Feb 2, 2023

Buzzing the brain with electricity can boost the willingness to engage in mental effort

Posted by in category: neuroscience

Neuroscientists have successfully increased the motivation to exert mental effort by using a weak alternating electrical current sent through electrodes attached to the scalp to synchronize brain waves. The findings, published in Cognitive, Affective, & Behavioral Neuroscience, help to identify the neural mechanisms underlying the willingness to engage in mental effort, suggesting that midfrontal theta oscillations play a key role.

“For a long time research has mainly focussed on which brain mechanisms underlie mental processes, but in the recent years it has become clear that engaging in mental activities needs to be understood as an active decision process where humans are willing to perform demanding mental tasks only if they are ‘worth it.’ The goal of our research was to get a better understanding of the brain mechanisms causally determining our motivation to engage in demanding mental activities,” explained study author Alexander Soutschek, a research group leader at the psychology department of the University of Munich.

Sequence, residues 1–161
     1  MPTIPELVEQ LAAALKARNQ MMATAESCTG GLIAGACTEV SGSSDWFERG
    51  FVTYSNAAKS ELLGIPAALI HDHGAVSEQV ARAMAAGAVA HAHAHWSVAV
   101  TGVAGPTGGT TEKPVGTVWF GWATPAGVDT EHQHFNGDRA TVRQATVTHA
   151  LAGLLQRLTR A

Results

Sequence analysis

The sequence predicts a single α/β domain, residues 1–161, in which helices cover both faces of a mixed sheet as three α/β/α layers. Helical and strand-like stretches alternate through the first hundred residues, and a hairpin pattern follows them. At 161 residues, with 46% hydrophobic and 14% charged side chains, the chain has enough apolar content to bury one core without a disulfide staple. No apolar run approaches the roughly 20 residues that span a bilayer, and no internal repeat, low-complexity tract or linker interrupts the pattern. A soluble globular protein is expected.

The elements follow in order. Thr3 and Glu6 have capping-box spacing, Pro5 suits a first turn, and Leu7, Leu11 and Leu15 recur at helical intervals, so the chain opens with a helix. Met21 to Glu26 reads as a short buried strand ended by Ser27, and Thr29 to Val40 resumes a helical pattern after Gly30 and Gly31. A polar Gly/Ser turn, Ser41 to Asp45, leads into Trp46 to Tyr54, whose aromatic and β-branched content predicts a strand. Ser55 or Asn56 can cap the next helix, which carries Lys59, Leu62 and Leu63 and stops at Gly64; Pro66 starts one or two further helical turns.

For their study, the researchers utilized transcranial alternating current stimulation (tACS), a non-invasive neurostimulation technique that applies low-amplitude electrical current to the scalp through electrodes. The current modulates the neural activity in the brain regions under the electrodes, potentially enhancing or suppressing specific cognitive processes.

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